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he had strayed from the paternal roof. “ And when he was a great way off, his father saw him.”. Here was nature burst. ing from the heart of the forgiving father, and melting down into compassion and love! At a distance he saw his son approach-already the son

the son was upon

was upon his knees imploring mercy :

Father," the son exclaimed ; Father,” that tender word, ere it had died upon the pallid lips of the long-lost prodigal, melted the heart of the forgiving father, roused the affection, which had been lost through the ingratitude of a degraded son :-“he had compassion on him, and ran, and fell upon

his neck and kissed him.” * Father,” continued the son, “I have sinned against heaven, and before thee, and am no more worthy to be called thy son.' The old man heard his confession--he saw that he was sincere. From the very bottom of his heart he forgave him all that had passed ; he embraced the lost which was found, and kissed him as the mark of his tenderest love. “Bring forth the best robe, and put it on him; and put a ring on his

hand, and shoes on his feet; and bring hither the fatted calf, and kill it, and let us eat and be merry; for this, my son, was dead, and is alive again : he was lost, and is found.”

But let us endeavour to make a right application of this interesting parable. A parable, strictly speaking, is a similitude taken from things natural, to instruct us in things spiritual.

The father, in the one before us, is meant to represent God; and the son, the sinner who had wandered far from the way of the Lord. In this parable we can trace the sinner wandering from the station of life, in which he was placed by his Maker. In it we can see the compassion of an affectionate father ready and willing to receive the penitent with open arms, graciously listening to his confession, and frankly forgiving him all that had passed.

We stay not here to recall to your mind the fall of our forefather, and the enormous load of guilt and misery entailed upon his posterity in consequence. But we bid

you observe, how the Father was reconciled

through Christ his Son to disobedient man. The fatal act, which occurred in paradise, was to be punished by death. " In the day' that thou eatest thereof thou shalt surely die.” But it is clear, that Adam did not die upon eating the forbidden fruit. How, then, can we reconcile this apparent inconsistency ? We believe, that when man fell, the destruction would have terminated in death, had not a Mediator stood between God and Adam. We believe, that this Mediator arrested the destruction, and reconciled the offended God to offending man. But God still kept his promise, as if he had said, my wrath has been excited ; vengeance is mine, and I will repay; and man must die for his disobedience. Here the Saviour interposed, and, taking the sin upon himself, offered willingly to die, not only for the sins of Adam, but for the sins of the whole world, because the whole world became guilty through Adam's dis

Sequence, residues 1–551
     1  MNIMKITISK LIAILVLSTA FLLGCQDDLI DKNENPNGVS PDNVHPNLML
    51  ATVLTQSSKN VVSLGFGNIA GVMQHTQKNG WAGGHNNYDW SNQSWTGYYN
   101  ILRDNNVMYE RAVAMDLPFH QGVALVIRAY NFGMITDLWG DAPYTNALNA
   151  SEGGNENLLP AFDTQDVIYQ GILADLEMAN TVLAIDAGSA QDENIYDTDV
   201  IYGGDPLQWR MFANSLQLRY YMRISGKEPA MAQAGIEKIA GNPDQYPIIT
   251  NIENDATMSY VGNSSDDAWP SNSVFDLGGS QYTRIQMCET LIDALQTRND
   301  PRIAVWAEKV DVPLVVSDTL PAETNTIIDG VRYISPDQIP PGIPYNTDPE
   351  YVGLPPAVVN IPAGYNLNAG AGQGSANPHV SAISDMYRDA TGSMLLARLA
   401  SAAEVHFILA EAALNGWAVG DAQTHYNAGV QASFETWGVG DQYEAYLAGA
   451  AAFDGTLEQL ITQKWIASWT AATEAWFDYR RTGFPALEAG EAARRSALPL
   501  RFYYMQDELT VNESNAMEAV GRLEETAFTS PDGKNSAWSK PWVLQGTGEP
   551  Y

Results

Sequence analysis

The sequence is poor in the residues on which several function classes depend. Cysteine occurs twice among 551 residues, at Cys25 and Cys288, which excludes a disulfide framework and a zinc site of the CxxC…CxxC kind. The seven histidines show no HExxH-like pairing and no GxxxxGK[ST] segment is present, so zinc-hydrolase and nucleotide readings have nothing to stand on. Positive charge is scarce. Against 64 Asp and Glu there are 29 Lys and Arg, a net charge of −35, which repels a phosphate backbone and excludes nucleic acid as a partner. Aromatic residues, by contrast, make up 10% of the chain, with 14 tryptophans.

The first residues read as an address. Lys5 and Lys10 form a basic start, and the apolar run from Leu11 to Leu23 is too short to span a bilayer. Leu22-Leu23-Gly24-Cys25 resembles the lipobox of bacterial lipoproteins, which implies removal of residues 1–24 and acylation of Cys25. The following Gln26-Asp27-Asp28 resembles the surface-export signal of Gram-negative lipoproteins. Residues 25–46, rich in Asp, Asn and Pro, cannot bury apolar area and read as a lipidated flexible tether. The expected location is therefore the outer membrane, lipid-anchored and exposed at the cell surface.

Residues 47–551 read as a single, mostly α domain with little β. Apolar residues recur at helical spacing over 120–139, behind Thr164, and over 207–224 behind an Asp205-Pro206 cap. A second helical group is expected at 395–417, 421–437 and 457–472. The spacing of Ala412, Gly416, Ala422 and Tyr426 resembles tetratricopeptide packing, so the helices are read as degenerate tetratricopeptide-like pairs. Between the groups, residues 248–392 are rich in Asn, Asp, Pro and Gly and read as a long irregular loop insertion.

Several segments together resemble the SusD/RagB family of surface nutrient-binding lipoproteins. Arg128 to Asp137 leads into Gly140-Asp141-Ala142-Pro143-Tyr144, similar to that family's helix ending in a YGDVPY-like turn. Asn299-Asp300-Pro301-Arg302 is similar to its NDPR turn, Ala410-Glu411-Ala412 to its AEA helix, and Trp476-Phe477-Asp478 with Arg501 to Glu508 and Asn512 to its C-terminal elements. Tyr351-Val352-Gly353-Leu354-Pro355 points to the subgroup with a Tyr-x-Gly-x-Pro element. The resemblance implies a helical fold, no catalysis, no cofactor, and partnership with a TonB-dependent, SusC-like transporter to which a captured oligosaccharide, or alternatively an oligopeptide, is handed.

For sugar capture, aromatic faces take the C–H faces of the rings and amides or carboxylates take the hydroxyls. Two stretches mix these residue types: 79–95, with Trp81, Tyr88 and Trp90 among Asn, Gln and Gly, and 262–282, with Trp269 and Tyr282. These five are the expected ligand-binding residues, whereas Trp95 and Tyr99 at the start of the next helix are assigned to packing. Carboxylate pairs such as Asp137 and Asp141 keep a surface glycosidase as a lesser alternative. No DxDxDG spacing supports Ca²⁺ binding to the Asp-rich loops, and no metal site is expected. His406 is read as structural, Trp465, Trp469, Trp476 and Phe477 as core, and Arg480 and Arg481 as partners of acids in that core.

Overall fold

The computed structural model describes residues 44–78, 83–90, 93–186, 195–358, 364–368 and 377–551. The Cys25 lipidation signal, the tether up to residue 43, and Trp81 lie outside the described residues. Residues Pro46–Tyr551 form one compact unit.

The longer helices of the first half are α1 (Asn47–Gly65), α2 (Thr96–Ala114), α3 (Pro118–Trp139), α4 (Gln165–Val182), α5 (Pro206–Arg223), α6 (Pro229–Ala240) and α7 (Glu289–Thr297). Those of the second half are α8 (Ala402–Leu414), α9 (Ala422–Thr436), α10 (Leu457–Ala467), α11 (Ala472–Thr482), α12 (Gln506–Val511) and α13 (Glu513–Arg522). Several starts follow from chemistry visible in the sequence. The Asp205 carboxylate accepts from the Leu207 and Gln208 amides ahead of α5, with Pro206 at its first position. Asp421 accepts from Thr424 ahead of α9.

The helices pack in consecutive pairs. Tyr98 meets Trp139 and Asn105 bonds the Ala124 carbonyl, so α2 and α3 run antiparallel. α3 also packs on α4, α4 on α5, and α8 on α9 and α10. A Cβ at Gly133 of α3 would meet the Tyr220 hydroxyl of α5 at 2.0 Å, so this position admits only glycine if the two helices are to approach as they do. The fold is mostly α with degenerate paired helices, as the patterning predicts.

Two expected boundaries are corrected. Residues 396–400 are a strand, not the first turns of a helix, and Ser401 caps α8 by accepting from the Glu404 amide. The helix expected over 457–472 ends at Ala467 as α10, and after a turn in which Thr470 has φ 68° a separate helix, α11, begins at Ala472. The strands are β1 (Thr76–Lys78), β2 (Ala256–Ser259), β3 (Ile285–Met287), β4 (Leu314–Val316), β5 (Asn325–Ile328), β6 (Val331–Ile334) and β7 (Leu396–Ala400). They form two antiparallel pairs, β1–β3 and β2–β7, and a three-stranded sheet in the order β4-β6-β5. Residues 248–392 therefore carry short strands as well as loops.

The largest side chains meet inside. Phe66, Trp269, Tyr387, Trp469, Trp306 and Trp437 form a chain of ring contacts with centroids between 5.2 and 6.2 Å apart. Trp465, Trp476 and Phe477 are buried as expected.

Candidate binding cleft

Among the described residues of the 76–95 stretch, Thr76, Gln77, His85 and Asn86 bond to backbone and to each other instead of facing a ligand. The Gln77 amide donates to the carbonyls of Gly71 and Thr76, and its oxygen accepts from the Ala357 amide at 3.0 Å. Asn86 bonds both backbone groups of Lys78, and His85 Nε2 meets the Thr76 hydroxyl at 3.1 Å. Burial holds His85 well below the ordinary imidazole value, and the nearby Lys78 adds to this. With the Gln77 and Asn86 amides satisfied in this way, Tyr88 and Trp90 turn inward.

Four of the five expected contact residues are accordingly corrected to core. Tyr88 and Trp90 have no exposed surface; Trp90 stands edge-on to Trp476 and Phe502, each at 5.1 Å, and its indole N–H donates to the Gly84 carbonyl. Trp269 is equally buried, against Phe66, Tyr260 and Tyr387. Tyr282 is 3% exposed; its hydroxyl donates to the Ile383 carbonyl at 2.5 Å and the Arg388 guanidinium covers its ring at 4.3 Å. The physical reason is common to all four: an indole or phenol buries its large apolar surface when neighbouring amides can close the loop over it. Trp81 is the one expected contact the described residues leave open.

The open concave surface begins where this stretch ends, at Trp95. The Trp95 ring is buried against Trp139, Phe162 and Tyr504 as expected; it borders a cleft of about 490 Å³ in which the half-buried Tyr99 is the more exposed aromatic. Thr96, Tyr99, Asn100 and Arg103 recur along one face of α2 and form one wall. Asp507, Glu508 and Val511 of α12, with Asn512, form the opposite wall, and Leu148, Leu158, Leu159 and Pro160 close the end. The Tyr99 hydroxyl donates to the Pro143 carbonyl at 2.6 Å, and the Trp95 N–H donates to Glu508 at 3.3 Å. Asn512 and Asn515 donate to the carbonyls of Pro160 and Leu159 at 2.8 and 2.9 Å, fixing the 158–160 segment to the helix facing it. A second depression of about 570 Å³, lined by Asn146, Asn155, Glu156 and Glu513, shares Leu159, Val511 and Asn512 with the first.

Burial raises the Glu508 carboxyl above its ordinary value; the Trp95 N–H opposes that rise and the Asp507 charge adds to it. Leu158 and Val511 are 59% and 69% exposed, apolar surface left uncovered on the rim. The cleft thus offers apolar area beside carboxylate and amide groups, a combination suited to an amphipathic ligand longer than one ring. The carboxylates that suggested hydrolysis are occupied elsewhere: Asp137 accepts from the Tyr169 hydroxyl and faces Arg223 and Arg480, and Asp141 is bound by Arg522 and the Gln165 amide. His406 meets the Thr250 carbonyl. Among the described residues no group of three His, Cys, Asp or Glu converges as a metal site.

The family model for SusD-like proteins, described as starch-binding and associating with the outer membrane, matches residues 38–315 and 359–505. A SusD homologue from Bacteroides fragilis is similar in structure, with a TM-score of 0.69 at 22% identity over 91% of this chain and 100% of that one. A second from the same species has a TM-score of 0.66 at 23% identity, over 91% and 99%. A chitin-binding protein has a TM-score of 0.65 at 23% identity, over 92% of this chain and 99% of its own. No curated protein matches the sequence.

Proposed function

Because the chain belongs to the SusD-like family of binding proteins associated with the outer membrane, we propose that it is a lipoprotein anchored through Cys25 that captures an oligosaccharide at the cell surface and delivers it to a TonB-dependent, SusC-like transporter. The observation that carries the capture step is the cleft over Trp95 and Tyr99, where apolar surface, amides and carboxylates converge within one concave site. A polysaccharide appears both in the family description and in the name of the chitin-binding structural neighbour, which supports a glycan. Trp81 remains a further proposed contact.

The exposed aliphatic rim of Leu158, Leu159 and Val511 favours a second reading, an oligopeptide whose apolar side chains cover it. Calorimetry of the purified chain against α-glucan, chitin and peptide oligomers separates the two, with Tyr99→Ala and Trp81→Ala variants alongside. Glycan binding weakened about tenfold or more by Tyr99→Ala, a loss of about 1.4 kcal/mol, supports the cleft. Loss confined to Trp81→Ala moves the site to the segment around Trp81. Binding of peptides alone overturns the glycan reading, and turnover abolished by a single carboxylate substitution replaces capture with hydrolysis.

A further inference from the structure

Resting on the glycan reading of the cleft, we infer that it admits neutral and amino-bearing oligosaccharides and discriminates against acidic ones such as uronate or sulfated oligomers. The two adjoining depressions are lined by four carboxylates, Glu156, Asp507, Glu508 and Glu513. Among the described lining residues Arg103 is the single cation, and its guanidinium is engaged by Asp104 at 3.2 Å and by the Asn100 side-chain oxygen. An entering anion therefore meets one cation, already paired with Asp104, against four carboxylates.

"I here treat the passage according to its ordinary acceptation; but a comparison of passages induces the idea, that “beyomin this place does not necessarily imply an instantaneous infliction of death.

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obedience: here, then, was the compassion of a God — the Almighty accepted the sacrifice, and thus did he preserve his justice and mercy-his justice by punishing sin, and his mercy by accepting the sacrifice of his own Son for the sins of guilty man.

“ And when the fulness of time was come, God sent forth his Son;" the Divinity took Humanity, existed in our world, and offered redemption and remission of sins to all, who would accept his gracious terms; and at last bore the iniquity of us all by suffering upon the cross. He accomplished his purpose, while on earth, and then ascended to his reconciled Father in heaven. And even now, he is as ready and willing to intercede for all those, who are conscious of their sins, and desirous of pardon and forgiveness. We, brethren, like the prodigal in the parable, have wandered far and wide from our Father's house; we have been led away by our own lusts and evil nature; we have gone into the paths of sin, and drank deeply of the cup, which we fancied so pleasant to the craving appetite ; but have we reached the dregs ?

-have we tasted the unwholesome bitter, which has marred our fleeting joys, and blasted all our fragile hopes ? Are we now wandering in infamy and disgrace, with nothing to rest upon, but a rotten staff, which will pierce us, as it breaks ? Oh! when shall we find out our sins ? if we discover them not soon, they will infallibly discover us. But when shall we, like the returning, repentant, prodigal, come to ourselves ? How long will the afflictions, the troubles, the cares of this life press upon us, and we, like Rachel, refuse to be comforted, because we disbelieve, that the Gospel can give us rest ? Oh, benighted and hard of heart, “ye will not come unto me, that ye may have life.” Ye will not confess your sin before heaven ; ye will not meet the Father, who is with an eager eye watching the road, by which you should return; ye will forget the Father's compassion, the Father's love, the Father's affection for his long-lost prodigals! Oh, ye shall not, while the heart glows, while the pulse beats, while the tongue can speak, ye shall not die, ye shall turn to

God

your

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